RFID Privacy and YouWritten by Rich McIver
RFID (Radio-Frequency Identification) is a tiny wireless technology which has potential to radically transform commerce world. It consists of an inexpensive chip, often smaller than a grain of sand, which can be read up to several meters away. The hope among retailers, is that technology can be used as a next-generation barcode, automating inventory levels, and thus cutting costs for manufacturers and retailers. While technology does offer some potentially remarkable opportunities, it also raises some concerns with regard to individual privacy and corporate espionage.
While barcode-type RFID tags are not likely to reach consumers on a regular basis in near future, there is little doubt that with success of early trials, they eventually will. Consequently, concerns about privacy infringement with regard to RFID are important not only in theoretical sphere, but increasingly such discussions have vital practical applications.
SPECIFIC PRIVACY CONCERNS
RFID tags differ from conventional barcode tags in a number of ways. It is these differences that create benefit of adopting technology, while simultaneously creating greatest concern over privacy issues involved. For example, under today's bar code technology, a pack of Wrigley's Gum sold in Houston, Texas has same barcode as a pack sold in New York City or Ontario. With RFID, however, each pack would have a unique ID code which could be tied to purchaser of that gum when they use an 'item registration system' such as a frequent shopper card or a credit card.
Continuing with Gum example, purchaser could then be tracked if he/she ever entered that same store again, or perhaps more frightening, if they entered any other store with RFID reading capability. Because unlike a barcode, RFID can be read at a distance of up to a few yards. Meaning that if you enter a store with a pack of gum in your pocket, reader can identify that pack of gum, time and date you bought it, where you bought it, and how frequently you come into store. If you used a credit card or a frequent shopper card to purchase it, manufacturer and store could also tie that information to your name, address, and email. You could then receive targeted advertisements by gum companies as you walk down aisle, or receive mailings through your e-mail or snail mail about other products.
As technology behind RFID advances, potential for privacy infringement does as well. A more recent development is a study which reveals that RFID already has capability to determine distance of a tag from reader location. With such technology already available, it is not difficult to imagine a situation in which retailers could determine location of individuals within their store, and thus target specific advertisements to that customer based upon past purchases. In effect, that store would be creating a personal log of your past purchases, your shopping patterns, and ultimately your behavioral patters. While such information gathering would be considered intrusive enough by many consumer's standards, danger that such information could be sold to other retailers, (similar to way such profiles are currently sold regarding internet commerce), could create potentially devastating information vulnerabilities. While some RFID critics have pointed out that technology could lead to some sort of corporate 'Big Brother' there is a more widespread concern that allowing RFID to develop without legal restrictions will eliminate possibility for consumers to refuse to give such information to retailers.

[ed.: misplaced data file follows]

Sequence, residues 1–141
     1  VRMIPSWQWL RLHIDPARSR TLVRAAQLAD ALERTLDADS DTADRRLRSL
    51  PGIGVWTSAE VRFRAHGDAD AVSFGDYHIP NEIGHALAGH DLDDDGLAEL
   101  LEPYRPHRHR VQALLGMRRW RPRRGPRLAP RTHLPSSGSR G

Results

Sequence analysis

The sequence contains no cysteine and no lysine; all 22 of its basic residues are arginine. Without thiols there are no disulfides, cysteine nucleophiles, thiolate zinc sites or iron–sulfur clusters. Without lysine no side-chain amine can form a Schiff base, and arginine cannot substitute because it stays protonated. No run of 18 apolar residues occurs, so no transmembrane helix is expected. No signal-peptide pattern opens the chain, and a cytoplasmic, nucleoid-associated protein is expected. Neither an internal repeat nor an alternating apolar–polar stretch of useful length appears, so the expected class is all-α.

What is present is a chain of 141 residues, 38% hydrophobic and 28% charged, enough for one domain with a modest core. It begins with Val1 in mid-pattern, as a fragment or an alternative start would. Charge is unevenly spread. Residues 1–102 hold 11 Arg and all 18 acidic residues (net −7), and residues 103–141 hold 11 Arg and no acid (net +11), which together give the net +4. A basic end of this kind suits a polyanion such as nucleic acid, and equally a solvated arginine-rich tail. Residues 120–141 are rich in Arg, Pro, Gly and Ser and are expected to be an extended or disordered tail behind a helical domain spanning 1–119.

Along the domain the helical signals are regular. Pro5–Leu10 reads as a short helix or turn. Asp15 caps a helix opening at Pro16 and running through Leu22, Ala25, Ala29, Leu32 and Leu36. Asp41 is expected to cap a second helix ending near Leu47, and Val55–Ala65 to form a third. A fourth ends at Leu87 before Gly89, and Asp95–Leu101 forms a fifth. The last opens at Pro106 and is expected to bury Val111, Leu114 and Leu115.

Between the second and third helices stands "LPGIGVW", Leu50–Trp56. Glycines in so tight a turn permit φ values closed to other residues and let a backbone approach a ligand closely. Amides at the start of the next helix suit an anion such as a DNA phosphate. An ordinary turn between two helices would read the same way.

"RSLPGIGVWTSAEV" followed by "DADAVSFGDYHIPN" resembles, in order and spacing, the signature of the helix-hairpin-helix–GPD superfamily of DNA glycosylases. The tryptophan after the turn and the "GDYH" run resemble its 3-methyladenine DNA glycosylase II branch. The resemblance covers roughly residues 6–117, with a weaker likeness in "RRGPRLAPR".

The Calling Card AlternativeWritten by Robert Mann
How many times have you complained about high long distance costs and phone companies overcharging you? Did you try to do anything about it? Did you search for alternate solutions? Calling cards might be answer. Their low rates to any destination make them perfect buy for domestic and international calls.
For a few years now, calling cards business is booming. Everywhere you go, everywhere you search you might find one: in WallMarts, grocery stores, newspaper stands, vending machines in coffee shops. But place you can find most of these long distance alternatives is internet. A quick search on Google, Yahoo or other search engines will reveal thousands of websites that sell calling cards. So, itís an easy pick, one might say. WellÖ not quite. According to FCC, almost 70% of calling card businesses are fraudulent. Meaning mostly that they get your money but you donít get calling card. That means that you have to be very careful when choosing a website to buy from. On top of that, calling cards vary in number and features, so you have to choose one appropriate to your needs. Their low rates however, come with a price at times. Companies selling calling cards use VoIP technology and other third party carriers to complete their calls. While not as expensive as a satellite connection (hence low rates), this technology is at beginning, so problems may occur from time to time. This is why calling cards are not usually recommended for emergency calls. For calls within United States however, calls made with calling cards (also known as phone cards) have a good quality and connection rate, given that you have found a good supplier.